Sunday, March 25, 2012

Passed OSCE "Cracking the Perimeter"

First, I want to start by saying that I enjoyed the OffSec "Cracking the Perimeter" course and exam a lot. It was difficult, frustrating, time consuming, sleep depriving, exciting and very, very informative. It is a little different from the OffSec "Pentesting with Backtrack" (PwB). Ok, well, it is very different.  There are specific hacks that are to be learned and performed in the OSCE course. You learn about a variety of buffer overflow and web application exploits. You will also learn about 0day hunting thru the use of fuzzing and how it leads to computer, and later, network compromise. I found that the OSCE is shorter than the OSCP course. I think anyone trying to take the CTP course should do 60 days. That should be enough time to get all the concepts down and to practice in the OffSec lab environment.  The OSCP course was a lot longer as far as time for me. But with both courses, it was worth the time and effort. If you take a look at the course outline, you will see that you have 9 very tough modules.  All I can say is take your time. This course is all about the concepts. Make sure that you understand them, and you will do fine on the exam. Of course, practice, practice, practice.

Ok, you have looked at the syllabus and you are very excited. Ok, but first you have to take the prerequisite.  I know, lol.  This course is tough so what better way to find out if you are ready, then to take a pre-exam.  You start at You need to find the "code" and final key.  Now, I took this prereq right after I passed the OSCP just to see if I could do it. I was able to do it in a day and a half. That was in April of last year. I took a break to relax and to save money for the OSCE.  I took the prereq again in November-December. This time, there was a new wrinkle. I do not want to give it away but be prepared to do some research and think. Once you get past that, and sign up, you will get the OffSec PDF(s) and the OffSec videos. I did the pdfs first and then the videos. Then, I went into the lab to practice.  That has always worked for me during the OffSec courses.  Why change now I guess. 

I'm just going to say that the 8th module, is by far, the hardest. I spent maybe two weeks just on that one module. It was worth it however, to understand manually encoding shellcode with bitwise operations. By the end of the course, you will be amazed by how much you have learned. From fuzzing, to exploit development to exploit writing.  You can manually encode executables to bypass an antivirus and can get a shell from misconfigured web applications. The course came to an end with me learning more about scapy for packet creation and manipulation.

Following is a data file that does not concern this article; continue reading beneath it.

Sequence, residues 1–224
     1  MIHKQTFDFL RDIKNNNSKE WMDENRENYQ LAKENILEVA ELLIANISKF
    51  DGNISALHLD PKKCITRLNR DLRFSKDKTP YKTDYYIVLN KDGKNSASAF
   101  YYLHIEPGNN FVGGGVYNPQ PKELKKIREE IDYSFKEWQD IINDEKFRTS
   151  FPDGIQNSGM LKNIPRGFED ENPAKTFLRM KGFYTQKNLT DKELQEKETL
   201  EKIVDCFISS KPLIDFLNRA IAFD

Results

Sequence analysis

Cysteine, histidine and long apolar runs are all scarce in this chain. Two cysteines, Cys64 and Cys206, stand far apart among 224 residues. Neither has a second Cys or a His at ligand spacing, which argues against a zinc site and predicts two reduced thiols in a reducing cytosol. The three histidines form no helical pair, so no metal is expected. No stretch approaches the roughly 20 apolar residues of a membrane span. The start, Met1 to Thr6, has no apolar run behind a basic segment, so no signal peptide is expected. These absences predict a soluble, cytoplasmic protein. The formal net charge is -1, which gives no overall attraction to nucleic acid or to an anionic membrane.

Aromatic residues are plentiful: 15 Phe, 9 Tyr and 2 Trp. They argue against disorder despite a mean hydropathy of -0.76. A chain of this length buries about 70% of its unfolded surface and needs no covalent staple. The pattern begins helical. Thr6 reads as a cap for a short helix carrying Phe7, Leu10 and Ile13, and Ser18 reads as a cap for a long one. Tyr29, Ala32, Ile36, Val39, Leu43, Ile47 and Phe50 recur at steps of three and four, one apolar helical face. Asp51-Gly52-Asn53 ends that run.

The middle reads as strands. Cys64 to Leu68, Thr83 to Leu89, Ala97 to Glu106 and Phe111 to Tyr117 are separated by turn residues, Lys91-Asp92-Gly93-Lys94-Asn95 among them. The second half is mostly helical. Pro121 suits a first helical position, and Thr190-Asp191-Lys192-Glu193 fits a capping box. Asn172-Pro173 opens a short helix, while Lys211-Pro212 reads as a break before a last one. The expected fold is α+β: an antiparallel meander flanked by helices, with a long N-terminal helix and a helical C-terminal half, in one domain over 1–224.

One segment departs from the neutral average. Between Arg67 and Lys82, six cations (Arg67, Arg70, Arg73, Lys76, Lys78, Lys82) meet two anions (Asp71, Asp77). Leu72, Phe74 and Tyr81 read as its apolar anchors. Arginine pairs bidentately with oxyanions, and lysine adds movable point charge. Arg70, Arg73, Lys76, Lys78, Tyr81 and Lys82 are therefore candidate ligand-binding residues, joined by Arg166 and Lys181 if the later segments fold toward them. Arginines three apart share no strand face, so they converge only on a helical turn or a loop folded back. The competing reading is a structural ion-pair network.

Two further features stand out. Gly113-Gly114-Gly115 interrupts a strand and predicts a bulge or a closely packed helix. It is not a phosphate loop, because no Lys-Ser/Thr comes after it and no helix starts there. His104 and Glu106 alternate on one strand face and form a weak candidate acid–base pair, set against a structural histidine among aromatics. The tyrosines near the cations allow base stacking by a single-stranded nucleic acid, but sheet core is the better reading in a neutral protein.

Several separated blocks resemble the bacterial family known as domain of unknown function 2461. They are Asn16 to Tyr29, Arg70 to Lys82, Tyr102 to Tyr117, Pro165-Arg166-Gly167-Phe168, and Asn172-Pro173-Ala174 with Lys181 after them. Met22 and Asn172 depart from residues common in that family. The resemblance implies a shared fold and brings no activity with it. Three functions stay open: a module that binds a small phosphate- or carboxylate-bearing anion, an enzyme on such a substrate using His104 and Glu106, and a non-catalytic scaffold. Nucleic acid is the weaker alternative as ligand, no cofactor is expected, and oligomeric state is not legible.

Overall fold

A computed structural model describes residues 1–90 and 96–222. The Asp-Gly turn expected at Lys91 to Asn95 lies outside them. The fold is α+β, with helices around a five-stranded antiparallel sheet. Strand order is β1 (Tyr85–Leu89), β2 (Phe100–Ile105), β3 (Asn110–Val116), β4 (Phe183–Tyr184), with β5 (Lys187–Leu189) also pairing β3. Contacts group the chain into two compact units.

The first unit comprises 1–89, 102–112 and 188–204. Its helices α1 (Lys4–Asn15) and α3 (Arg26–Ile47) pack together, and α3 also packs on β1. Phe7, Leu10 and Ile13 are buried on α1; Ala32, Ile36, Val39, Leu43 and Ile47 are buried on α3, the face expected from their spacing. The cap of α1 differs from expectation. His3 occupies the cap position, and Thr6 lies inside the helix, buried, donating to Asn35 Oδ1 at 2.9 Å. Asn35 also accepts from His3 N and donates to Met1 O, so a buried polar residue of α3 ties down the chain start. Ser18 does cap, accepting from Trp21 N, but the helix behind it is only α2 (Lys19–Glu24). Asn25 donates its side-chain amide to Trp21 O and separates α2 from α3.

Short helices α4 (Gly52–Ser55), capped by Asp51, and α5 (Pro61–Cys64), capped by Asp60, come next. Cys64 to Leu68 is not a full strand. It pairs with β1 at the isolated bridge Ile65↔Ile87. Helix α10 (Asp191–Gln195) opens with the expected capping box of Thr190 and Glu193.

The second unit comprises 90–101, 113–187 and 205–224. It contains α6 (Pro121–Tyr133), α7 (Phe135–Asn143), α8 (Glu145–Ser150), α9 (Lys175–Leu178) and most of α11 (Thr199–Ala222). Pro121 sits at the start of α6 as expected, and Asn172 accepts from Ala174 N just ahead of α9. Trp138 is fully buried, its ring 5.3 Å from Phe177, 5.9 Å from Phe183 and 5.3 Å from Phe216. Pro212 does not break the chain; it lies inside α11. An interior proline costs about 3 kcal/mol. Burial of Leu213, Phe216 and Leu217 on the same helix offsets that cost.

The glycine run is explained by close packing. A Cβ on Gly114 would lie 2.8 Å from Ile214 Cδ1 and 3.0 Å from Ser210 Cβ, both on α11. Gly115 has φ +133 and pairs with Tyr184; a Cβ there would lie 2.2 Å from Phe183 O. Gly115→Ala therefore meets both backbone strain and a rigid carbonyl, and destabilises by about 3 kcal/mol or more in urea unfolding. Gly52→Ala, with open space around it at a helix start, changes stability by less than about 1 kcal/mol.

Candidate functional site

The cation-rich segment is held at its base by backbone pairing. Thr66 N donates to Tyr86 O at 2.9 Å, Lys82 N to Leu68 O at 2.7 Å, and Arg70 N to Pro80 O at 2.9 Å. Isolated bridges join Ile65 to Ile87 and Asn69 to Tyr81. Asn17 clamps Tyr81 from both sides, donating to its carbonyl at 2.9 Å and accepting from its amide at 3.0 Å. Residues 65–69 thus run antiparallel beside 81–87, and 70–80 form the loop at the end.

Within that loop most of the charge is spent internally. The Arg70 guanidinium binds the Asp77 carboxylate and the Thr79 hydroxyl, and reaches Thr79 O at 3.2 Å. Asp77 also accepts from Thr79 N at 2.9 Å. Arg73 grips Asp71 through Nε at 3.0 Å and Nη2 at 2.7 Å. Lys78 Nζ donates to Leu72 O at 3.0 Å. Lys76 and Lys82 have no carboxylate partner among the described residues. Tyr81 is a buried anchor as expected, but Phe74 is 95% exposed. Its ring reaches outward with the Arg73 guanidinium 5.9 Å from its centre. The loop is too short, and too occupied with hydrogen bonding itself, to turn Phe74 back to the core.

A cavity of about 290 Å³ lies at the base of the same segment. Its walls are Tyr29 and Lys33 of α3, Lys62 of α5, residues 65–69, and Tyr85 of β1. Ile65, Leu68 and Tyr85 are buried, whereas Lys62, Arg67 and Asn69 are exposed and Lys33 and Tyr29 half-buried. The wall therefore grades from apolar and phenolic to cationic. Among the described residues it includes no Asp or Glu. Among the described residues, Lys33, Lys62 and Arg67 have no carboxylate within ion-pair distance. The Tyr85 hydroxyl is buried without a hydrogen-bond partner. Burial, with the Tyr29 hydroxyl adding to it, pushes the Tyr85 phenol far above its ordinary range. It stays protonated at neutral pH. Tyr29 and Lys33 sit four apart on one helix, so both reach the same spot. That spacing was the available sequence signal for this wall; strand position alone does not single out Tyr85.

I took the exam after three weeks of the course ending. In that time, I studied from a number of resources besides the coursework. I would suggest to anyone about to take the exam, to practice from the site. Practice using egghunters and OllyDBG/Immunity. Then, read:

Those three weeks really help me understand each module.  It helps that I had VMware Workstation on my laptop so I could practice no matter where I was. Barnes and Noble, library, dinner, etc. The family understood. :) I also loaded the laptop with 16 GB of memory just so I could use multiple VM's going.  It helped me.  Anyway, the exam email came and it was time.  I was able to get most of the exam done in the first day. I had one problem that held me up. It took me literally 21 hours to finally figure it out for the most part.  Of course, that meant I had 3 hours left to really exploit it. You have to love it. After the clock ran out, I decided to give myself a two hour break before the write up.  The write up took longer than I thought but it was on time. :) I did not have to wait the full 3 days which was cool. You are always nervous until you get that email telling you how you did. After about a day, I got the email saying I passed!

I got congrats from the fam and all of my co-workers. I had a lot of support since they knew I worked really hard on the course. You get what you put in from the offsec courses so when you get that pass email, it makes it so much sweeter.  Of course, I have the SANS560 course a week later but that is another post. For now, the OSCE is done and loved every minute of it.

Friday, March 9, 2012

Practice: OSCE

DVD X Player 5.5 Pro (SEH) Buffer Overflow Exploit
Preparing for the Offensive Security Certified Expert (OSCE) exam, I hopped on to find vulnerable software to exploit buffer overflows.  Now, for the exam, I wanted to pick one, then ignore the exploit file, download the application and find out how to exploit it myself.  I think this would be the best way to simulate finding a 0day (besides finding a 0day), and exploiting it. I found the DVD X Player 5.5 software.  It is a computer media player that can run on Windows.  I am installing the software on Windows XP SP3 and Windows Vista.  Let start with Windows XP.

After the install it looks like it uses a playlist like WinAmp. The file extensions are PLF and SLS.  That goes with the original exploit for the software. Well, let's open up the FileFuzzer script and create a file with the buffer of 1000. Why not start small. We need to first open the DVD X Player app and then, open up OllyDbg. We will then attach the application running so we can catch the application's reaction to the buffer. 

Looks like we have a winner. The EIP and SE Handler was over-written.  Now, I increased the buffer size to 2000 once I saw where in the buffer overwrote the SEH. I figured that out by using the ruby script pattern_create.rb by MetaSploit. That will create a specific pattern of characters so we can find where EIP is.  Once we find what is located in the SEH, we can use another MetaSploit script called pattern_offset to find out how many characters(bytes) are before the SEH.  We put in the value for SEH and put it as a parameter for the script. It gives a value of 612.  So, after 612 "A" characters, you can control EIP and thus, execution flow. Sweet.